Saturday, November 6, 2010


Why did Russ Feingold lose to an inarticulate dolt with no ability to articulate his policy preferences? Sharks, that's why.
Voters have great difficulty judging which aspects of their own and the country’s well-being are the responsibility of elected leaders and which are not. In the summer of 1916, for example, a dramatic weeklong series of shark attacks along New Jersey beaches left four people dead. Tourists fled, leaving some resorts with 75 percent vacancy rates in the midst of their high season. Letters poured into congressional offices demanding federal action; but what action would be effective in such circumstances? Voters probably didn’t know, but neither did they care. When President Woodrow Wilson—a former governor of New Jersey with strong local ties—ran for reelection a few months later, he was punished at the polls, losing as much as 10 percent of his expected vote in towns where shark attacks had occurred.

New Jersey voters’ reaction to shark attacks was dramatic, but hardly anomalous.
This time, of course, the sharks' bite was 30 years of failed neo-Liberal, Reganite, Thatcherite, and Libertarian policies.  Which is to say, stuff over which Feingold had less control that Wilson did sharks.

The idiotic sharks attack therefore I won't vote for the incumbent dynamic explains why this dust up between Glenn Greenwald and Larry ODonnell is so embarrassing for  O'Donnell; he, after all, blamed policies when its was sharks.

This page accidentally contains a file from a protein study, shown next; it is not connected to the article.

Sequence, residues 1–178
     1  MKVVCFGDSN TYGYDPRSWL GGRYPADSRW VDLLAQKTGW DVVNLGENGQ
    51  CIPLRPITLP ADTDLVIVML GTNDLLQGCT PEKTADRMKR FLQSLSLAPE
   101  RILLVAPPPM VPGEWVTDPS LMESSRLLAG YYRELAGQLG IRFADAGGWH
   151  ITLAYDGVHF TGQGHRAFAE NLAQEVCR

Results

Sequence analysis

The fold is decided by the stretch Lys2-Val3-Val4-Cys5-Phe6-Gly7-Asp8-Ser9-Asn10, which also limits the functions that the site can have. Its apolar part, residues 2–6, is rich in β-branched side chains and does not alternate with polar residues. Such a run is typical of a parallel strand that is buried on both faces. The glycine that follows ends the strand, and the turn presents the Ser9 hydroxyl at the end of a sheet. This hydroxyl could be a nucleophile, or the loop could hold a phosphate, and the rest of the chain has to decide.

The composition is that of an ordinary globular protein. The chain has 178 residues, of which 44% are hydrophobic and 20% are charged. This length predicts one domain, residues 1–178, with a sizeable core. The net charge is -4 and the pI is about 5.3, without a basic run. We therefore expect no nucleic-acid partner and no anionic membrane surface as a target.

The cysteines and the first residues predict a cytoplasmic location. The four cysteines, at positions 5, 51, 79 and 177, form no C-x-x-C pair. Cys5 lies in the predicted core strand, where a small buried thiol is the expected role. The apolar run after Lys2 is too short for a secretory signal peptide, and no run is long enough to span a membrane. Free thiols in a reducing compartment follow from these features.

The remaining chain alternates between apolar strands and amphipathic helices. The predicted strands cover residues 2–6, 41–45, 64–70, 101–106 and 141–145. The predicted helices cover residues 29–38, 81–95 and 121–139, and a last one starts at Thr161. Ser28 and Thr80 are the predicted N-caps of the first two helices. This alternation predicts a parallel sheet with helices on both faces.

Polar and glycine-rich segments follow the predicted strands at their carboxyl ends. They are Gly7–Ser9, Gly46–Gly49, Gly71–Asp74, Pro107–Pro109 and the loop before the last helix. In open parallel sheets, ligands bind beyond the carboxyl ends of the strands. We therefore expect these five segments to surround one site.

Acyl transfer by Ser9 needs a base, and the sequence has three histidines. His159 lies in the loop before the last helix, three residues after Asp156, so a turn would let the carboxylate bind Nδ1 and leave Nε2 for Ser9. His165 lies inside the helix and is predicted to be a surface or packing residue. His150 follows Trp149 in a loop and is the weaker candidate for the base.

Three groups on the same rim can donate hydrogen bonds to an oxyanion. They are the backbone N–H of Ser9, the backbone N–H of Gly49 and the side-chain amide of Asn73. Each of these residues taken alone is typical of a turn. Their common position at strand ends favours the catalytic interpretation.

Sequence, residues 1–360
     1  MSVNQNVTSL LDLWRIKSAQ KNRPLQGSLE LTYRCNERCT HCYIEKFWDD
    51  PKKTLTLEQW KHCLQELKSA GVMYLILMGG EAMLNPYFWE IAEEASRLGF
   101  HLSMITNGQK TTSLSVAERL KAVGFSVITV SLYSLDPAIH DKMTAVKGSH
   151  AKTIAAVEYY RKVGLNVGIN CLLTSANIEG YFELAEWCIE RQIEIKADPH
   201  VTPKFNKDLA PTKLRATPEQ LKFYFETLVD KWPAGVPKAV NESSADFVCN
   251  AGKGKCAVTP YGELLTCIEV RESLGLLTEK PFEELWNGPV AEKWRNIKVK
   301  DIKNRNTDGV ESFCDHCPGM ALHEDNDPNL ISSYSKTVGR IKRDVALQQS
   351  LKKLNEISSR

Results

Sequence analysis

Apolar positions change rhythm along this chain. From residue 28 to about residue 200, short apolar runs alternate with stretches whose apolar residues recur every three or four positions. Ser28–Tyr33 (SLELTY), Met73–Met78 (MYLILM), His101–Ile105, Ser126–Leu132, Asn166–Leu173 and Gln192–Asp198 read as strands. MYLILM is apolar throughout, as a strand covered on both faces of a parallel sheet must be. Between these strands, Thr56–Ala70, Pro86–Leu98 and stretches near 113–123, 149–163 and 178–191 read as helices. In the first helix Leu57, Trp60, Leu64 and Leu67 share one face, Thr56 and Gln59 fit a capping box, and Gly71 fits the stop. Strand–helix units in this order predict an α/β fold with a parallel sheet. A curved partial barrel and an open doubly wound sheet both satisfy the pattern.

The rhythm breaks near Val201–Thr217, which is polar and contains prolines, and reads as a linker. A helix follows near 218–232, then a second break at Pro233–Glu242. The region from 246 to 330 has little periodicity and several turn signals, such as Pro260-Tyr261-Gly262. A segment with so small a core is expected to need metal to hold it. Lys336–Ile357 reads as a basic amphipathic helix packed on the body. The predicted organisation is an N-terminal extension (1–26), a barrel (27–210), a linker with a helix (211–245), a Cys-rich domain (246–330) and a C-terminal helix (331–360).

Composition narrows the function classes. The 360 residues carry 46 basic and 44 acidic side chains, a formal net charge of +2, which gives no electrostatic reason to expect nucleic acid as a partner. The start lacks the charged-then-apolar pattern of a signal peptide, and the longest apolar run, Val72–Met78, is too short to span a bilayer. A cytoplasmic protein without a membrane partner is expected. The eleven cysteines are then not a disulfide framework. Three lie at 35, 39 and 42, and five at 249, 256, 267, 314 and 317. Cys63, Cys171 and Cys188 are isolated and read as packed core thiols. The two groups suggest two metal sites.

Here In Wisconsin

So in the wake of Walker's victory Doyle suspends the billion dollar free money and many jobs creating high speed rail.  Why, many ask, would he do such a think?  Read yesterdays WSJ op-ed piece decrying the decision because, after all, the WSJ editorial board didn't think that Walker was serious when he said he would cancel the whole thing. Doyle has now asked Walker to put up or shut up and more power to him.  For far too long Dems have been pulling Republicans' chestnuts out of the fire when their beloved don't tax and spend policies drive the country into a ditch.  Now, Walker has to make an actual decision: reject money that will improve Wisconsin's draw for companies and individuals by improving infrastructure over the long haul and create god know how many jobs over the short term.  Is he, in other words, going to govern or posture in the vague hope the Michelle Bachman  and Sarah Palin will shower him with their magical starbursts.

Olberman and Objectivity

Josh Marshal writes, in part, that disagreeing with Olberman's suspension
doesn't mean I don't see the point of rules barring people in the news business from giving money to politicians. I do. I think they usually make sense.